Price Walking

It’s only natural to get exasperated when a new term comes to the market purporting to describe an activity that is common but has no previous label to describe it? “Price walking” is one such depiction.

Price walking was coined in the insurance world to portray the situation where policyholders are charged more at each annual renewal date even though the risk to the insurance company is the same. Consider a typical house insurance policy when the rebuilding costs and the contents’ cover remain unchanged; and yet the premium increases by 5%. Insurance companies typically offer increased overheads and general market claims as earnest excuses for the premium increases. But everybody else has their doubts.

The doubters include the UK Financial Regulator, which this month banned the practice of price walking. On first glance, this might appear a positive consumer move; but as with all regulatory interventions there are consequences – and some will negatively impact consumers, unintentionally it seems.

To understand the dynamics, we have to examine the motives of the business models of insurance companies. Bizarrely, in general, they do not reward customer loyalties. Policyholders who remain with the same insurers year after year have a habit of becoming lazy. This inertia is seized upon by unscrupulous computer algorithms resulting in a ratcheting up of costs for loyal customers.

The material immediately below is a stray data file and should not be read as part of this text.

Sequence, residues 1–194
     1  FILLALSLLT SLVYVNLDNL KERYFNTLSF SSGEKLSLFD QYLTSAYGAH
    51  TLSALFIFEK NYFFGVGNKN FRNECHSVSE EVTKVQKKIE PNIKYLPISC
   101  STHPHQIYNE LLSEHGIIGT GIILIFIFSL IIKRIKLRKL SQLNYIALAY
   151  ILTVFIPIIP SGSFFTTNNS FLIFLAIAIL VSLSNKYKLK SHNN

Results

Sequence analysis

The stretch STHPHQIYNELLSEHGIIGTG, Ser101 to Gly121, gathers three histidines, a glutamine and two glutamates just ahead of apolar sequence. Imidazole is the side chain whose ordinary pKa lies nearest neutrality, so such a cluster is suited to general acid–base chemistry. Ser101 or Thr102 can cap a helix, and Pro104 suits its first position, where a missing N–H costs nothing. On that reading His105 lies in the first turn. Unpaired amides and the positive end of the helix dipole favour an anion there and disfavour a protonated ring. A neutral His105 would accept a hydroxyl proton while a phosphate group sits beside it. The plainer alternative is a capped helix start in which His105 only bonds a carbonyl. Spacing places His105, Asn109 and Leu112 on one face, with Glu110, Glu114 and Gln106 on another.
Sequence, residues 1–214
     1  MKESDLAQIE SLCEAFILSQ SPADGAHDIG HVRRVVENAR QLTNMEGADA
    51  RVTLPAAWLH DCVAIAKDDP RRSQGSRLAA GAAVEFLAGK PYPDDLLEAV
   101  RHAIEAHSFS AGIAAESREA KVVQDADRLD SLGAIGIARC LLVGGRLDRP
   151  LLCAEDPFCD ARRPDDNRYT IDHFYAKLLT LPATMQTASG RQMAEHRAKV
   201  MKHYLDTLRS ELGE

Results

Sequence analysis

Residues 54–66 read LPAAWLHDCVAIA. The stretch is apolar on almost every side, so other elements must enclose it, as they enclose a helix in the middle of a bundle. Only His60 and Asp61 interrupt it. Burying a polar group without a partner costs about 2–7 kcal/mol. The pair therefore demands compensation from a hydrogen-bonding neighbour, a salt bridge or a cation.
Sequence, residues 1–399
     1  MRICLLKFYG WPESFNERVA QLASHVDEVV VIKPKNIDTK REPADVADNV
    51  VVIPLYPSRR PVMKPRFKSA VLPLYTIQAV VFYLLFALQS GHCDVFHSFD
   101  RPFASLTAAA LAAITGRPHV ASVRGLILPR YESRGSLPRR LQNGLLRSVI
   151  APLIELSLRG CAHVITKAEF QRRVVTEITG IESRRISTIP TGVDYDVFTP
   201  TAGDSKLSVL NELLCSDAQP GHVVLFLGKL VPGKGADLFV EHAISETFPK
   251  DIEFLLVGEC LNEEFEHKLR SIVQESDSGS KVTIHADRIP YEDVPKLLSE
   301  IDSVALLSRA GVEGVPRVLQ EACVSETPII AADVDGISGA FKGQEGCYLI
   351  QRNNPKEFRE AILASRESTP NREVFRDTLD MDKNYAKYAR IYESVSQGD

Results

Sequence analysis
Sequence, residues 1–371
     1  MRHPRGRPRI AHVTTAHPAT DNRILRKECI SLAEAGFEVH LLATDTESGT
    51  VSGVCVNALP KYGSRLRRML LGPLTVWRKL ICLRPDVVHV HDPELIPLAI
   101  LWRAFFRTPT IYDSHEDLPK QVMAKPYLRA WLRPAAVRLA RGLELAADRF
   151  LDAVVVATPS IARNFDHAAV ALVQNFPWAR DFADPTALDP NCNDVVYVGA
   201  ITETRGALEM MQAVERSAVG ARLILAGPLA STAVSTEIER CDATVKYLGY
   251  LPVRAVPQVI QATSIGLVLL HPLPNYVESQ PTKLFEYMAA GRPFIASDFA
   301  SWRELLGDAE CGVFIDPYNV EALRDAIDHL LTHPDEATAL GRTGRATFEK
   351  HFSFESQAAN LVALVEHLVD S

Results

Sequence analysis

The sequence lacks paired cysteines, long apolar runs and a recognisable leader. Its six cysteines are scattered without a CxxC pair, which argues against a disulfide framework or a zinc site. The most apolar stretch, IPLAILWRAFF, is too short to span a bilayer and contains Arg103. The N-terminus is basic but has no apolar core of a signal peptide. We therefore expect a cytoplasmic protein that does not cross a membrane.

But the wider business model also incorporates teaser pricing to attract new customers – offering substantially discounted rates for new business. This is a bone of contention for consumer groups, who point out that it discriminates against existing customers, who are not offered such discounts. Insurance companies have been slow to develop alternative business strategies in the past – but the change in UK regulation has now forced their hands.

With price walking banned, the companies will be unable to secure annual price increases from existing customers. This will curtail their offers of discounted pricing to new customers – resulting in a re-shaped business model. The new structure may settle down in time, but the trauma of regulatory intervention will have negative consequences upfront.

MMPI has long argued that concentrating on price alone is a poor means of judging value. Consumers who trawl online at renewal time desperately seeking the lowest price are misguided. Price is but one element in the equation, albeit we accept, an important one. But insurance is about much more than securing a policy document for the lowest price. Insurance comes into its own when we need to make a claim. The claim experience and the general level of service quality are further important elements to consider.

MMPI offers a far broader service capability on all of its insurance products. We can overcome price walking by constantly scouring the market for better value. We can recommend discounted pricing where we believe it offers longer-term worth. But above all else, we can educate everybody on the importance of a “good” insurance policy – one that meets our customers’ needs and one that provides significant cover at a reasonable cost.

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